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  • 8801 East Marginal Way Project

    City of Tukwila, Washington

    BFSA conducted a SEPA-level review for the 24-acre 8801 East Marginal Way Project in the city of Tukwila, Washington.  The goal of the project was to  conduct a cultural resources assessment to locate and record any archaeological sites, historic sites, or tribal resources present within the project to make way for the future development of a 414,400-square-foot warehouse facility.

    The cultural resource assessment of the project included the review of archaeological records search information provided in consultation with the Washington State Department of Archaeology & Historic Preservation's Washington Information System for Architectural and Archaeological Records Database, historic maps and photographs, and other appropriate historical sources.  In addition, an on-site survey was performed, which included the documentation of all structures within the project.  The archival research and field results were presented in a report of findings submitted to the Department of Archaeology & Historic Preservation.

  • San Diego International Airport Project

    City of San Diego

    BFSA conducted a cultural resources assessment of the entire San Diego International Airport complex to establish an inventory of historic resources, archaeological resources, and Tribal Cultural Resources. Subsequently, as part of the project EIR/EIS, BFSA completed a Historic American Buildings Survey program for Terminal 1, Terminal 2 East, and the United Airlines Hangar and Terminal building.

  • Herbert and Alexina Childs/Thomas L. Shepherd House

    La Jolla, City of San Diego
    The Herbert and Alexina Childs/Thomas L. Shepherd House (Historical Resources Board Site #1265) was designed by City of San Diego Master Architect Thomas L. Shepherd in 1950 in the French Eclectic Revival architectural style with English Georgian influences. Construction was completed by building contractor Selby C. Scott. BFSA was retained in 2017 to prepare a Historical Resource Research Report (HRRR) for the owner, who was pursuing historic designation and a Mills Act tax credit. BFSA evaluated the residence as architecturally significant and the Herbert and Alexina Childs/Thomas L. Shepherd House was designated as a historic resource that same year under City of San Diego Historical Resources Board Criteria C (architecture) and D (representative of the notable work of a master architect).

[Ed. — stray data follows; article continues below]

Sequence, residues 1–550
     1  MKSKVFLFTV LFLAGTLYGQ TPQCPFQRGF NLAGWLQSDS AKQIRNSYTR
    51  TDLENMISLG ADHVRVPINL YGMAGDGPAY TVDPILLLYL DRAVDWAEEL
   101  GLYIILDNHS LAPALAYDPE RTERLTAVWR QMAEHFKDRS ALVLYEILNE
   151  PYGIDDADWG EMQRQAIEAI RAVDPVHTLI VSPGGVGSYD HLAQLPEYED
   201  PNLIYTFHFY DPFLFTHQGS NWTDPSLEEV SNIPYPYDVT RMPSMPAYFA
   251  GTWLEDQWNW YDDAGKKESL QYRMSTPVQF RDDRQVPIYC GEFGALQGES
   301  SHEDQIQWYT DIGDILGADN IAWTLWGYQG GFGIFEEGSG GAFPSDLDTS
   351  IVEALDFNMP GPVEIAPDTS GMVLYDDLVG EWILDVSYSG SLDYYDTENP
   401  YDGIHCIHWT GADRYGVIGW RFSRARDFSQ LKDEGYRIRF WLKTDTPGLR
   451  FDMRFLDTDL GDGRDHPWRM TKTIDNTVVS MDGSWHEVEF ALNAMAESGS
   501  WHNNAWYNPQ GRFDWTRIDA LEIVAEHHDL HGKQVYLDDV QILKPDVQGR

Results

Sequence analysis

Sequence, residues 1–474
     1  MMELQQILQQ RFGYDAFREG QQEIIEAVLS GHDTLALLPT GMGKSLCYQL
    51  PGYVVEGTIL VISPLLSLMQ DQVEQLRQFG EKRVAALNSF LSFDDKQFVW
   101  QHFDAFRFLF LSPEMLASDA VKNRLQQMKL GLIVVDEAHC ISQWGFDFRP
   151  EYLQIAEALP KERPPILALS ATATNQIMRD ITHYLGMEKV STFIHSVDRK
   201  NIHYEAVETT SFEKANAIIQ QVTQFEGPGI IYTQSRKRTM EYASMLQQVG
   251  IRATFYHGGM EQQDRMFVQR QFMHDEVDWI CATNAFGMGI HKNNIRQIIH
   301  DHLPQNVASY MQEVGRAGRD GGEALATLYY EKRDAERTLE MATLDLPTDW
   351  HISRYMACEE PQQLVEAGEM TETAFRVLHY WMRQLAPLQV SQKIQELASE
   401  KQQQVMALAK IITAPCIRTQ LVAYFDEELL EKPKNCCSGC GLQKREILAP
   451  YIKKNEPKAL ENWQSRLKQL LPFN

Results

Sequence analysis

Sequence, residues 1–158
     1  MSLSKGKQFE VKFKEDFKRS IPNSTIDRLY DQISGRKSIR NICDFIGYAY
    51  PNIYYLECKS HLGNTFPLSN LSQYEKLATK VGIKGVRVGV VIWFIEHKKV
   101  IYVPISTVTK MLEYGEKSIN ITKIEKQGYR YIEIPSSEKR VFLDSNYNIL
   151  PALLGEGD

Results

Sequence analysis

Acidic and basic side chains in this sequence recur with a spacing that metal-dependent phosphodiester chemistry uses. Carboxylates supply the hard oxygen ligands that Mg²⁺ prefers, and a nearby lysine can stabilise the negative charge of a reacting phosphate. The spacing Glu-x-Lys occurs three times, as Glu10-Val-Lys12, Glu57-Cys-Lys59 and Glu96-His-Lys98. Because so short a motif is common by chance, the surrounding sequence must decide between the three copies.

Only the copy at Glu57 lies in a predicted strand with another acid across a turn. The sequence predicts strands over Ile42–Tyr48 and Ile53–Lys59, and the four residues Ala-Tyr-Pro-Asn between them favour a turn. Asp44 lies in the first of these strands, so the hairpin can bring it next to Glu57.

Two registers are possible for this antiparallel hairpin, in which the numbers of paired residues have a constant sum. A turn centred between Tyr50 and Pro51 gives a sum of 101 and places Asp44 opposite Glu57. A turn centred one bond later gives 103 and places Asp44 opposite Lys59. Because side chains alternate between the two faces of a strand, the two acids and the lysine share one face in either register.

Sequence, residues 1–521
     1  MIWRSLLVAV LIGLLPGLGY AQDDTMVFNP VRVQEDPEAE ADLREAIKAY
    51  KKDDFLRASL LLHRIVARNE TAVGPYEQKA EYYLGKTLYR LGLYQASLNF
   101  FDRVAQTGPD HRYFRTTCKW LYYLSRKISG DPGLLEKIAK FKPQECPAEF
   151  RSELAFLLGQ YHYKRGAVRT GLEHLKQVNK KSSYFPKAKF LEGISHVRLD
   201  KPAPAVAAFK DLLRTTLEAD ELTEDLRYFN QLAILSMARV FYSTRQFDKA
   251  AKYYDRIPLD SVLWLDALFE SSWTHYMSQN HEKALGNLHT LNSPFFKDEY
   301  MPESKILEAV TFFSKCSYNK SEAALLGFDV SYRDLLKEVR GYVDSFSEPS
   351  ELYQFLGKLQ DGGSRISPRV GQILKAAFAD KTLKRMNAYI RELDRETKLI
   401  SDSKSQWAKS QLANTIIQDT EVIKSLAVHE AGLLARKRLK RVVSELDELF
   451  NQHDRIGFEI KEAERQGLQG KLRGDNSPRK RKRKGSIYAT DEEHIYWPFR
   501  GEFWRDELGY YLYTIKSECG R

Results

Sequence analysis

• Little Flower Haven Project

    City of La Mesa

    BFSA was contracted to complete a historic significance evaluation of the Little Flower Haven Rest Home in the city of La Mesa.  The building was originally constructed in 1928 and began operations that same year; however, the earliest portions of the building were later replaced with additions.  A chapel, bell tower, and rest home wing addition, which was designed by Los Angeles architects Barker and Ott and constructed in 1939, remains the oldest portion of the building.  BFSA evaluated the 1939 addition as architecturally and historically significant and consulted with Benson & Bohl Architecture, the architects for Silvergate Development’s proposed multi-family residential facility, in order to adaptively reuse the significant portions of the building.

    The final plan incorporated the original façade of the 1939 addition, as well as the size, massing, and general design elements of the later 1948 and 1958 additions, into the new project.  During the rehabilitation of the building, structurally unsound portions of the original façades were repaired and/or rebuilt to restore its original character.  Prior to the start of construction, BFSA prepared a Historic American Buildings Survey documentation study for the Little Flower Haven Rest Home in order to fully document the building prior to any modifications.

  • Sacred Heart Catholic Church Project

    City of Coronado

    BFSA was retained in 2017 to prepare a historic structure inventory evaluation to determine the potential significance of the Sacred Heart Catholic Church and associated buildings in the city of Coronado, San Diego County, California. The purpose of this evaluation was to determine if the Sacred Heart Catholic Church building and associated convent, chapel, classroom, and parish hall buildings were historically significant and eligible for the California Register of Historic Resources in accordance with CEQA. Based upon the historic and architectural significance of the Sacred Heart Catholic Church and the convent building, it was recommended that these structures be preserved and incorporated into any future improvements planned for the property. Because the parish hall, chapel, and classroom buildings were determined to be not significant under any criteria, no mitigation measures were recommended prior to their removal or alteration.